By Sarah Drury
Capital News Service
RICHMOND – The federal government this week approved a powder that can turn a glass of water into an alcoholic drink, but it’s unlikely that Virginians will be enjoying instant margaritas anytime soon: The Virginia General Assembly has passed legislation to outlaw the product in the commonwealth.
House Bill 1908 and Senate Bill 1034, which passed unanimously in both chambers, would ban the importation, sale and use of powdered or crystalline alcohol. The bills were a response to the development of Palcohol, which was cleared for sale Tuesday by the federal Alcohol and Tobacco Tax and Trade Bureau.
The legislation has been sent to Gov. Terry McAuliffe to be signed into law. Virginia officials fear Palcohol will be abused by young people because it can be easily transported, hidden and consumed.
“We moved to keep this potentially dangerous product out of Virginia because we knew that federal approval was pending and it would be difficult to address the problem after the fact,” said state Attorney General Mark Herring.
“I’m glad the General Assembly agreed it was the right move to protect Virginians, especially young people, because the risk of abuse and misuse is just so high with this product.”
Herring helped write the legislation, working with Del. Alfonzo H. Lopez, D-Arlington.
“While I am disappointed that the Alcohol and Tobacco Tax and Trade Bureau would approve this dangerous substance with such a high potential for abuse, I am proud that we were able to take action this session to protect our young people and ban powdered alcohol in the commonwealth of Virginia,” Lopez said Wednesday.
Under HB 1908 and SB 1034, it would be a Class 1 misdemeanor to possess, sell, buy or use powdered or crystalline alcoholic products in Virginia. The punishment can be as much as 12 months in jail and a $2,500 fine.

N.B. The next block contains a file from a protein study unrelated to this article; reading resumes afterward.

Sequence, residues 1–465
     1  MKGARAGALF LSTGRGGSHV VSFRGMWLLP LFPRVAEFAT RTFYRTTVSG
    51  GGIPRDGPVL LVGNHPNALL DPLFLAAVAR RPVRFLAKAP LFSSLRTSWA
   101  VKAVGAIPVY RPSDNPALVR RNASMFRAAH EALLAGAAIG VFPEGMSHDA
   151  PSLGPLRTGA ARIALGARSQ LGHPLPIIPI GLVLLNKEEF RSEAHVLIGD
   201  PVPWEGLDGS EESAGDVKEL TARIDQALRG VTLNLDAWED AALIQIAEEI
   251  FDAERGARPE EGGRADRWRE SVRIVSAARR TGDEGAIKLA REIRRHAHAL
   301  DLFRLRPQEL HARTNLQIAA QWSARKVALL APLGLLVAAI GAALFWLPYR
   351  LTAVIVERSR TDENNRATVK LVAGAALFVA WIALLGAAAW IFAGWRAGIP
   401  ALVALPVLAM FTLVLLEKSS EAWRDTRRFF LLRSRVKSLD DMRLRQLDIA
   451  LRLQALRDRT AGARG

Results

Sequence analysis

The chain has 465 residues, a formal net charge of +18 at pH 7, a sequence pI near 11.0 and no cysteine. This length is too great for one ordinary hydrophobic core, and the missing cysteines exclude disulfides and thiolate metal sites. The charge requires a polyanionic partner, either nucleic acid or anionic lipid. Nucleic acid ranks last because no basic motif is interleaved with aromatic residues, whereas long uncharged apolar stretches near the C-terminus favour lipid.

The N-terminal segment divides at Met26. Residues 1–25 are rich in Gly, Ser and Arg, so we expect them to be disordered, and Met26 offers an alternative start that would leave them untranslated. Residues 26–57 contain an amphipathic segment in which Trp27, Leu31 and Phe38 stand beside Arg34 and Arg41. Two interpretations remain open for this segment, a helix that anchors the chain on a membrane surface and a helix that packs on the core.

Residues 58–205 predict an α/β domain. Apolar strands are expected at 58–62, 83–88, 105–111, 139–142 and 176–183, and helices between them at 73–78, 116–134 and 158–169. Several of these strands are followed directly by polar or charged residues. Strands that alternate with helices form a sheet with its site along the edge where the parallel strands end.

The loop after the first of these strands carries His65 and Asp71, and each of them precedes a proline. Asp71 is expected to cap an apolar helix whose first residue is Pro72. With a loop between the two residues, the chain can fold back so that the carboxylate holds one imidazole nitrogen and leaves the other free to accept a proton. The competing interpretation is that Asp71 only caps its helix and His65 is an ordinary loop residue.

Virginia isn’t the only state with concerns.
Alaska, Louisiana, South Carolina and Vermont have also banned the distribution of powdered alcohol, according to the National Conference of State Legislatures. The group said 47 bills have been introduced in 28 states this year dealing with powdered alcohol.
Lipsmark LLC, the company that owns Palcohol, hopes to start selling it this summer. On its website, the company hailed the decision by the federal alcohol tax agency to approve the labels for Palcohol. Last year, the U.S. Food and Drug Administration conducted a scientific review of the product and said it had no legal basis to prohibit it.
Lipsmark criticized states like Virginia that have moved to ban powdered alcohol. “Since the product isn’t even on the market yet, there is not one shred of evidence that it will be used or abused any differently than liquid alcohol,” the company said.
Palcohol will be sold in one-ounce packets, each equivalent to one shot of alcohol. It will come in vodka and rum, as well as cocktail varieties – cosmopolitan, margarita and lemon drop.
In a video on the Palcohol website, the product’s creator, Mark Phillips, responded to some of the concerns about powdered alcohol. For example, he said that because of the packaging, Palcohol would not be easier than liquid alcohol to sneak into establishments where alcohol is prohibited.
Phillips also said it would not be it easier to spike drinks with Palcohol because the powder takes more than a minute to dissolve.